I’ve put together my own RK45 based n-body gravity field solver in C++ and have a pretty basic visualization setup in Ogre3D to test it out. I’ve been wanting to use that gravity field solver as a starting point for a semi-realistic spaceflight game, my own rigid body dynamics class or some engineering visualization sims. Was excited to see UE4 go “free” and thought this was a good opportunity to get my projects going in a very well supported, mainstream engine.
Just curious if anyone could point me in the right direction on a problem I’ve run into. I think it’s pretty fundamental.
Been looking through tutorials and wiki’s for a month or so now. Basic UE4 blueprint and C++/UE4 C++ is no problems and I think I understand most of the example applications shown.
The problem I have is that I just can’t figure out how to bridge the gap between my generic n-body solver class and the UE4 actor world space. It was easy at a low-level with just basic OpenGL or even Ogre3D. I think the problem I want to solve is applicable to any environment-wide physics effect I would want in UE4 where a certain set of actors to respond to each other in a certain way based on the output from another actor that is monitoring their properties. I think I am missing some fundamental UE4 concepts just beyond the basic examples, or missed something in the basic examples :).
What is the proper way to “register” an actor class with the solver class? I’d imagine i’d just instantiate the solver as another actor to get it into the game world space, but not sure how to go from there.
How do I tick the solver within the UE4 physics frames so that the latest position and velocity solutions, or even look-ahead results are available during all actor rendering tick cycles?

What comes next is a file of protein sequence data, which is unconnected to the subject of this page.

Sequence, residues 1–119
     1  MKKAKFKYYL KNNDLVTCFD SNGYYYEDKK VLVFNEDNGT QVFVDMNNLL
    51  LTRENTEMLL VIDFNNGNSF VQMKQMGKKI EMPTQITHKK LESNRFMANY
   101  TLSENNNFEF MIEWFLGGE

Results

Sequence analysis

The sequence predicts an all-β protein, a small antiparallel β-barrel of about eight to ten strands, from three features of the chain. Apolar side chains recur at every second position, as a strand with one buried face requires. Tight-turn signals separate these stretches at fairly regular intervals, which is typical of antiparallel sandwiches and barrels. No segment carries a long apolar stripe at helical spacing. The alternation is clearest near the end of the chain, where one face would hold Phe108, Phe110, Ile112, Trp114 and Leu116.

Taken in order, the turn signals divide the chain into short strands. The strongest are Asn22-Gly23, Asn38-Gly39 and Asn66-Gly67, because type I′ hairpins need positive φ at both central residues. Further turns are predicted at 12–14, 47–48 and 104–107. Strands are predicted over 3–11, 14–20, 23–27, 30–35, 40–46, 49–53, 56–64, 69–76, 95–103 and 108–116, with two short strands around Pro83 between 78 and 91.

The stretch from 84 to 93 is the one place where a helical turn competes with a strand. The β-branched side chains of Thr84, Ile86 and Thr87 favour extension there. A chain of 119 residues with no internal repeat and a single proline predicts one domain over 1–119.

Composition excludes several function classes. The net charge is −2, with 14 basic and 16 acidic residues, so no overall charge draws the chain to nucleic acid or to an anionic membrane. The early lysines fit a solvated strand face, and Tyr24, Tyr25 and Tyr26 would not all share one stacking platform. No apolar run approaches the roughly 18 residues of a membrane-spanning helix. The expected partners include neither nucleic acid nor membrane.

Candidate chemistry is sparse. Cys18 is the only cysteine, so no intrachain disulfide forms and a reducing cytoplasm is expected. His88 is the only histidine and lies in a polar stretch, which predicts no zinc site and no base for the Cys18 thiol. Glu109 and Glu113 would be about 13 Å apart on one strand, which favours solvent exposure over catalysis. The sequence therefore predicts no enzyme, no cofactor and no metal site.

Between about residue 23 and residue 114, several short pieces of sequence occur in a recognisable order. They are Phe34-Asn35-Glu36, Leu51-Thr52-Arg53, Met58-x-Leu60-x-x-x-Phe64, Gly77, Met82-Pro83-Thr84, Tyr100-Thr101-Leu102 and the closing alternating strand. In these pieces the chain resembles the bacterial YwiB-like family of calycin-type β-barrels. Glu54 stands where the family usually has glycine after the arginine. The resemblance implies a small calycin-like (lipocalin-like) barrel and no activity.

In my generic C++ test setup I just setup a STD vector and push in “gravity field” objects i’ve defined and then iterate the sover from some initial position state. I can add in forces from user controls or predefined arrays easily. For visualization in Ogre3D I have a simple game-loop that iterates as many n-body solver cycles in between each render cycle. Then I just sync the graphics coordinate space to physics for the render cycle to display at the fastest frame-rate possible.
- Might be a tie-in to question #2, but is there a good UE4 friendly way to optimize this type of actor to actor interaction? I don’t want my custom physics to be a burden to the rest of the engine.
At a high-level, I would want to be able to add a property to the basic actor class that toggles between the n-body solver and the z-axis normal gravity which UE4 physics uses out of the box. For now, I plan on using the rigid-body physics that comes with the engine, at least until I create a soft-body model for more realistic material deformations and figure out how to get that into UE4 as well. Looking into different real-time CFD methods for calculating aerodynamic forces as well.
I’ll keep looking through the forums and examples to see if I can get a clue. Thanks for anything anyone can show me and I appreciate the time you’ve taken to read this.